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Classic Rock History: 

In addition to vinyl records, a significant amount of classic rock music, in its heyday, was consumed on 8-track tapes.

The 8-track tape player, also known simply as the 8-track player, was a popular audio playback technology that gained prominence in the mid-1960s and remained popular throughout the 1970s. It was a significant development in the history of portable and in-car audio entertainment. Here's a brief overview of its history:

Invention and Development:
The 8-track tape format was developed by Bill Lear, the inventor of the Learjet and founder of Lear Incorporated. Lear, along with his team, sought to create a reliable and convenient way for people to enjoy music in their cars. The 8-track cartridge was their solution.

The first commercially available 8-track tape player was launched by Lear in 1965 under the name "Stereo 8." This new format was designed to provide continuous playback of music without the need to flip or rewind the tape, making it particularly well-suited for in-car entertainment.

How It Worked:

The design removed the need to wind and rewind the tape between a supply reel and a take-up reel by creating an endless loop. The coil of tape was spooled somewhat loosely around a hub on a rotating disk platform. The tape threaded from the center of the coil, out to a series of openings in the leading edge of the cartridge, then back to the outside of the coil.

A graphite coating on the back of the tape served as a dry lubricant to keep the tape and mechanism flowing as smoothly as possible. This would also necessitate the need for frequent cleaning of the tape head and drive mechanism. Q-tips and isopropyl alcohol, or commercially available head cleaning cartridges were typically used to remove the graphite deposits.

The openings on the leading edge of the cartridge accommodated contact with a track change sensor, the playback head, and the capstan roller to drive the tape.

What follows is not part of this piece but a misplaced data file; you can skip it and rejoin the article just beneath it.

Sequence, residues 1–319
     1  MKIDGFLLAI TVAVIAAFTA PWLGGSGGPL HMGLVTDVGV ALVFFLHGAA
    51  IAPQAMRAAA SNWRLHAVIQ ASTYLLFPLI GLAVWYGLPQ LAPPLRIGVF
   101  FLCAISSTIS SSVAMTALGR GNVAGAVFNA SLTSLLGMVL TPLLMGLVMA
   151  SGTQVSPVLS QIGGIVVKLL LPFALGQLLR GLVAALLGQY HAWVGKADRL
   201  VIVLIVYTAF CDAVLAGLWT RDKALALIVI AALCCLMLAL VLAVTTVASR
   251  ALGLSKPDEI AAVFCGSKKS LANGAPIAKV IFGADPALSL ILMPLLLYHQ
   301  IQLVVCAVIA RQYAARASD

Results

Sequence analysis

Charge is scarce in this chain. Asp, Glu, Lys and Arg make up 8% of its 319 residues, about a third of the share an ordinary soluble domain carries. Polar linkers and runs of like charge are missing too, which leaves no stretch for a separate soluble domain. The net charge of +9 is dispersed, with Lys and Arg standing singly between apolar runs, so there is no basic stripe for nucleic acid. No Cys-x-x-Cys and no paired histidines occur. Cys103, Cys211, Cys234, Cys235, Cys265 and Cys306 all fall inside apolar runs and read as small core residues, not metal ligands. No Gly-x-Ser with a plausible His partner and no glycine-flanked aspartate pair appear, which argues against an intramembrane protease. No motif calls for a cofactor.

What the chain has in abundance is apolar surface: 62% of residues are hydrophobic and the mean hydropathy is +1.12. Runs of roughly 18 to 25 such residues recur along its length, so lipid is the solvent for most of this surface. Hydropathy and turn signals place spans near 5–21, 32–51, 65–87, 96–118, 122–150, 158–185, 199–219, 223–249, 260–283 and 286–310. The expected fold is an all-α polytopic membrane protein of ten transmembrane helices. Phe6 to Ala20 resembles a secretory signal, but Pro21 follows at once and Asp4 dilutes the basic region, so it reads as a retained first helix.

The term "8-track" is derived from the fact that on the 1/4" wide tape, there are four pairs of left-right stereo channels, arranged (from top to bottom) L1/L2/L3/L4/R1/R2/R3/R4. This arrangement quadrupled the amount of playback time over two stereo track tapes of the same width, but at the expense of frequency response.

The ends of the tape loop were joined by a short strip of metallic adhesive tape. When this strip passed across the track change sensor, the mechanism would physically move the playback head down to read the next pair of stereo tracks. Since the mechanism and tapes could not be engineered with enough precision to match the head to the tape in every instance, an adjustment control allowed for the fine tuning of the head-to-tape contact in order to prevent "crosstalk" from one pair of tracks to the others.

A rubberized pinch roller was integrated into every tape cartridge, negating the need for it to be a part of the player mechanism, and more importantly providing the ability for the cartridge to be inserted and removed without any interaction with the player.

Car Audio Dominance:
Ford Motor Company became the first American car manufacturer to offer an 8-track tape player as an option on its 1966 Mustang, Thunderbird and Lincoln models. In conjunction, RCA Victor issued 175 Stereo-8 cartridges from their catalog of artists on its RCA Victor and RCA Camden record labels. By the 1967 model year, all Ford vehicles offered the 8-track tape player as an option.

Home 8-track players were not yet widely available, and until the format reached a level of market saturation to be offered in music stores, consumers had to visit a Ford dealership to purchase the new tapes.

Nevertheless, the 8-track player quickly gained popularity, becoming a standard feature in many automobiles during the late 1960s and throughout the 1970s. It was a significant improvement over the earlier in-car record players, which were prone to skipping and damage.

Music Industry Adoption:
Major record labels embraced the 8-track format, releasing a wide range of albums on 8-track tapes. This helped boost the format's popularity, as consumers could now enjoy their favorite music on the go.

Home Audio:
In addition to car audio, 8-track players were also available for home use. They were often integrated into home phono/AM/FM stereo systems and were commonly found in living rooms across the United States during the 1970s. Home 8-track recorders would also become available, although not as popular as playback-only units.